Time is right for Greinke to don Royal blue again

March 18th, 2022

SURPRISE, Ariz. -- The last time wore No. 23 in Royal blue, he admitted “it wasn’t the right place for him” at that time. That was 12 years ago, when Greinke was 26 years old and Kansas City was going through a major rebuild.

In 2022, Greinke is back in a Royals uniform and wearing No. 23. This time, the place is right. The timing is right. And the reasons for returning are right.

Greinke joined Royals camp Thursday after the club signed him to a one-year deal Wednesday, bringing the future Hall of Famer back to the organization that drafted him No. 6 overall in 2002.

It’s a return that has been in the making for the past several years. The Royals have wanted to bring Greinke back since 2018 or ’19, and Greinke has been thinking about coming back since he saw Kansas City’s playoff runs in '14 and ‘15, he said in his first meeting with media Thursday.

“Coming back and playing against them and seeing how the town and fans [have] changed since I was in Kansas City,” Greinke said. “How much excitement was there. It was really neat to see. And then even a couple years after that, when the team wasn’t quite as good, there was still a lot of excitement. I thought it was great for the city of Kansas City.

“It felt like it would be a place that I would be real happy and comfortable being part of again. Each year, especially the past couple years, it started feeling more like a good place for me to go.”

For Greinke, a free agent this offseason, the feeling turned into reality. The Royals wanted a veteran pitcher to join the staff and recognized the sentimental value of bringing Greinke back. They had the payroll flexibility after moving Mike Minor’s salary off the books in a trade with the Reds on Wednesday, although sources told MLB.com that Greinke showed a willingness to take less money if it meant coming to Kansas City.

The timing was helped even more by Major League Baseball implementing the universal designated hitter.

Yes, taking away pitchers hitting in the National League gave Greinke -- one of the best-hitting pitchers in the game -- that final push to sign with an American League team.

“This was a team I singled out that I wanted to play for,” Greinke said. “It was my No. 1 choice. The only thing that would have made it a little tough is if the pitchers were still allowed to hit, and then that would open a lot of teams I would want to play for in the National League.”

Greinke has not yet lobbied for an at-bat, but that is bound to happen. The 38-year-old is a career .225 hitter and is both one home run and one steal away from double digits -- two milestones he has said he wants to accomplish.

“I’ve talked to one of my buddies, and I just want to hit when he pitches against us,” Greinke said, declining to say who the pitcher is. “Maybe we could work that out. Just hit when he’s pitching, then it’ll be like five to six innings, so it’ll be two to three at-bats. And then someone will come in for me after that. Maybe it’ll work out if one of our DHs is kind of hurt, and we only have lefty options.”

The Royals are well aware of Greinke’s affinity toward hitting.

“That’s one of the first things I told him,” president of baseball operations Dayton Moore jokingly said Wednesday. “'Look, if we give you a chance to hit, will you come to Kansas City?' He just laughed. He’s a terrific player.”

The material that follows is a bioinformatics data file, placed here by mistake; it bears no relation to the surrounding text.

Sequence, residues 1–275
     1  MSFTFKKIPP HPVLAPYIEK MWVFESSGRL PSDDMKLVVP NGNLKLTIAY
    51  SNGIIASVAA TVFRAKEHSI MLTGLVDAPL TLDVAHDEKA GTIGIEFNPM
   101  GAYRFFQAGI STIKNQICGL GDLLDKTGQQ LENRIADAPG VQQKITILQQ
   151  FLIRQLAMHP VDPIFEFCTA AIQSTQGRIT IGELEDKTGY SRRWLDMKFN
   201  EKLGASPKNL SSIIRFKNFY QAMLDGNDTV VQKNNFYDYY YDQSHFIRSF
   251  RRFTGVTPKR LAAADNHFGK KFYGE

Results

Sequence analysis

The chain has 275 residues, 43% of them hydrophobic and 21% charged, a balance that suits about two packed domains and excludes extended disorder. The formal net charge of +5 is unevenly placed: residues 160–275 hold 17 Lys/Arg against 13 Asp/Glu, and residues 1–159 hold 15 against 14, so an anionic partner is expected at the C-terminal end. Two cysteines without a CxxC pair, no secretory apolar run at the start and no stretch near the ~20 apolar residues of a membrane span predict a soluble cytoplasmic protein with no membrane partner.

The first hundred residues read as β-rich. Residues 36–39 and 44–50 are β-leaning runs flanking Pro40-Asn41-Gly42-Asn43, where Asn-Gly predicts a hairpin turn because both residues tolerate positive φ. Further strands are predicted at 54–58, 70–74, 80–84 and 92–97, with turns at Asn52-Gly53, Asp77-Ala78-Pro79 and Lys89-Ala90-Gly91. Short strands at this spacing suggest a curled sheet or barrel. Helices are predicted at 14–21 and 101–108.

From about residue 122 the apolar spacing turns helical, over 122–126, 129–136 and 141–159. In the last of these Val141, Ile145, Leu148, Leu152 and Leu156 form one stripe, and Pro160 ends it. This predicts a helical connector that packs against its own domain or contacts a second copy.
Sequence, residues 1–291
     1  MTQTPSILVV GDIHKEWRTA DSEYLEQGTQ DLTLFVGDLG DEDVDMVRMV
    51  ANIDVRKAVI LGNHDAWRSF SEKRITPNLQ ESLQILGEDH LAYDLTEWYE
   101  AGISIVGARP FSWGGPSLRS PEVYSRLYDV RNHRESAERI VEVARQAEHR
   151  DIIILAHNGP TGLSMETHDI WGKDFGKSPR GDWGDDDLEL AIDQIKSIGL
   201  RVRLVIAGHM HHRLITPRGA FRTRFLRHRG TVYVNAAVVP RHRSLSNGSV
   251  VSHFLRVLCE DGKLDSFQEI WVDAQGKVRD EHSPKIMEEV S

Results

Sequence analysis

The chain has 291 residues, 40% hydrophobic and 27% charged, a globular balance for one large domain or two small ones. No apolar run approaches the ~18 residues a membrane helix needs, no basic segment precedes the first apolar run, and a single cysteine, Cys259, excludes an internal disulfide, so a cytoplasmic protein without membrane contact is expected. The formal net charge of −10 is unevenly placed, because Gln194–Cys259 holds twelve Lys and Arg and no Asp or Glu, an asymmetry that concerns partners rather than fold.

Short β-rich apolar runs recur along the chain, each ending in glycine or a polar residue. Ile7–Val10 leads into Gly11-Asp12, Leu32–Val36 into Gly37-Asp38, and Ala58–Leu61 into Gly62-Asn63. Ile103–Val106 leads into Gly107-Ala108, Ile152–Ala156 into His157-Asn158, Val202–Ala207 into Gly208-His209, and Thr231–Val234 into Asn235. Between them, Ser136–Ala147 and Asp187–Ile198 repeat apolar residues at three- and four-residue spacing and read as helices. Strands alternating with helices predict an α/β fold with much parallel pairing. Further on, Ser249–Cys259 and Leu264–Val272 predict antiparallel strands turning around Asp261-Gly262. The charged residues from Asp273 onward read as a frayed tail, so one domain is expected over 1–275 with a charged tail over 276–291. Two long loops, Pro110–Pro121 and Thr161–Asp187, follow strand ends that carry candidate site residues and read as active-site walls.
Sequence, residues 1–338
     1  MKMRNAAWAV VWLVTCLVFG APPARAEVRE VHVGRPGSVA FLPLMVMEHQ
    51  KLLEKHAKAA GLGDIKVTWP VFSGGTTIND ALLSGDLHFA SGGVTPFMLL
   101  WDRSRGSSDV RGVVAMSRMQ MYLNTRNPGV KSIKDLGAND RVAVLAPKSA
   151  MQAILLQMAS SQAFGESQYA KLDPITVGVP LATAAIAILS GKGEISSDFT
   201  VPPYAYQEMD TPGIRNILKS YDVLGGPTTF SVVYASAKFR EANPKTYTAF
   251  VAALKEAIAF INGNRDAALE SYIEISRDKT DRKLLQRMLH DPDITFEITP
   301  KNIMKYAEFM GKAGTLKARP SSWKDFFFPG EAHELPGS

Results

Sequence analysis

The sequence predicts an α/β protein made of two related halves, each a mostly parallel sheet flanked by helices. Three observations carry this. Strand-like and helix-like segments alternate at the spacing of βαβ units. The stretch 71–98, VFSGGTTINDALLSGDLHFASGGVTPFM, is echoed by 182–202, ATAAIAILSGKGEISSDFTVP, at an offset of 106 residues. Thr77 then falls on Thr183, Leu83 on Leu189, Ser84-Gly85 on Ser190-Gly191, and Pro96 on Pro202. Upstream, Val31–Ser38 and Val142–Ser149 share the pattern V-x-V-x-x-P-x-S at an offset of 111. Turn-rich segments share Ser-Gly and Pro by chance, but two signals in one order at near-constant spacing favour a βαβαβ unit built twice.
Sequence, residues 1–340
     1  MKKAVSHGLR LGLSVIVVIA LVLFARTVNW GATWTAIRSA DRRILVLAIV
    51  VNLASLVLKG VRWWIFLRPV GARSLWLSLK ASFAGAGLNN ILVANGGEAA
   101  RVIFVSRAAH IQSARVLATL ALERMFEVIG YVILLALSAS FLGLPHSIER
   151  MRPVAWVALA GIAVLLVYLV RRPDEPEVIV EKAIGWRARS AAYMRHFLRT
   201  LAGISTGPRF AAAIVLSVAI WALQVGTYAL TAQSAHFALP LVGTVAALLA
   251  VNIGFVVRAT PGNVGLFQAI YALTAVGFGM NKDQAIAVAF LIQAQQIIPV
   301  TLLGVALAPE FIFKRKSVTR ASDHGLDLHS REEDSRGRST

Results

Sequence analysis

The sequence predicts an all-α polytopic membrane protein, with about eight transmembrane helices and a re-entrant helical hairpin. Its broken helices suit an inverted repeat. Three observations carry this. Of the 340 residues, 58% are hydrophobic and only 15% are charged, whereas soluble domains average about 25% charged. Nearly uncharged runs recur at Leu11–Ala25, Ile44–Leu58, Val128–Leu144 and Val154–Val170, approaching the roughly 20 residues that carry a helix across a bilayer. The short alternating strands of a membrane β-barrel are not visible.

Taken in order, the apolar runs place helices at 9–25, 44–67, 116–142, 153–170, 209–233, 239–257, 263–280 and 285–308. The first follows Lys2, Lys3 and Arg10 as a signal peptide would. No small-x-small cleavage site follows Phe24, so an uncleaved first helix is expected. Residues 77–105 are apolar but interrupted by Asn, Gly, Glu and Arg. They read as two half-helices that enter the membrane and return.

Moore was a major reason for Greinke’s return, even after being the one who traded Greinke to the Brewers in December 2010 for a package that included Lorenzo Cain, Alcides Escobar and Jake Odorizzi, as well as the one who traded Odorizzi to the Rays for James Shields and Wade Davis -- all crucial pieces of the Royals’ postseason successes that Greinke mentioned Thursday.

Through it all, Moore kept up with Greinke until he was finally able to bring the pitcher back to the organization.

“Dayton’s the best,” Greinke said. “If it wasn’t for him and the person he is and how he treats people -- he’s a very, very, very high reason I wanted to come back.”

Adding Greinke infuses the Royals with talent and a pitcher who can be counted on for innings, and he made clear Thursday that this isn’t going to be his final year pitching. But what the signing also does is give the bevy of young Kansas City starters a model of success they can learn from right away.

And the opportunity to work with the inexperienced yet talented starters appealed to Greinke because of what he experienced when he was a young pitcher in Kansas City. The Royals signed right-hander Gil Meche before the 2007 season, and Greinke said he learned a lot from Meche’s reliability as a starter the next three years.

“Hoping to help out as many players as possible if needed here,” Greinke said. “I think I could be valuable to that.”

In his career, Greinke is 219-132 with a 3.41 ERA and 2,809 strikeouts. He is an AL Cy Young Award winner, a six-time All-Star, a six-time Gold Glove Award winner, a two-time Silver Slugger Award winner and a two-time MLB ERA title holder.

“The ability for our guys to watch a Cy Young winner,” manager Mike Matheny said. “A perennial Gold Glover. A guy who has accomplished everything there is in this game. For them to watch him go about his business has the potential to really fast-forward their growth and improvement. I was able to tell Zack even before he made his decision that we believe a number of these guys are looking and wanting to be a top-tier pitcher.

“They need to see what it looks like.”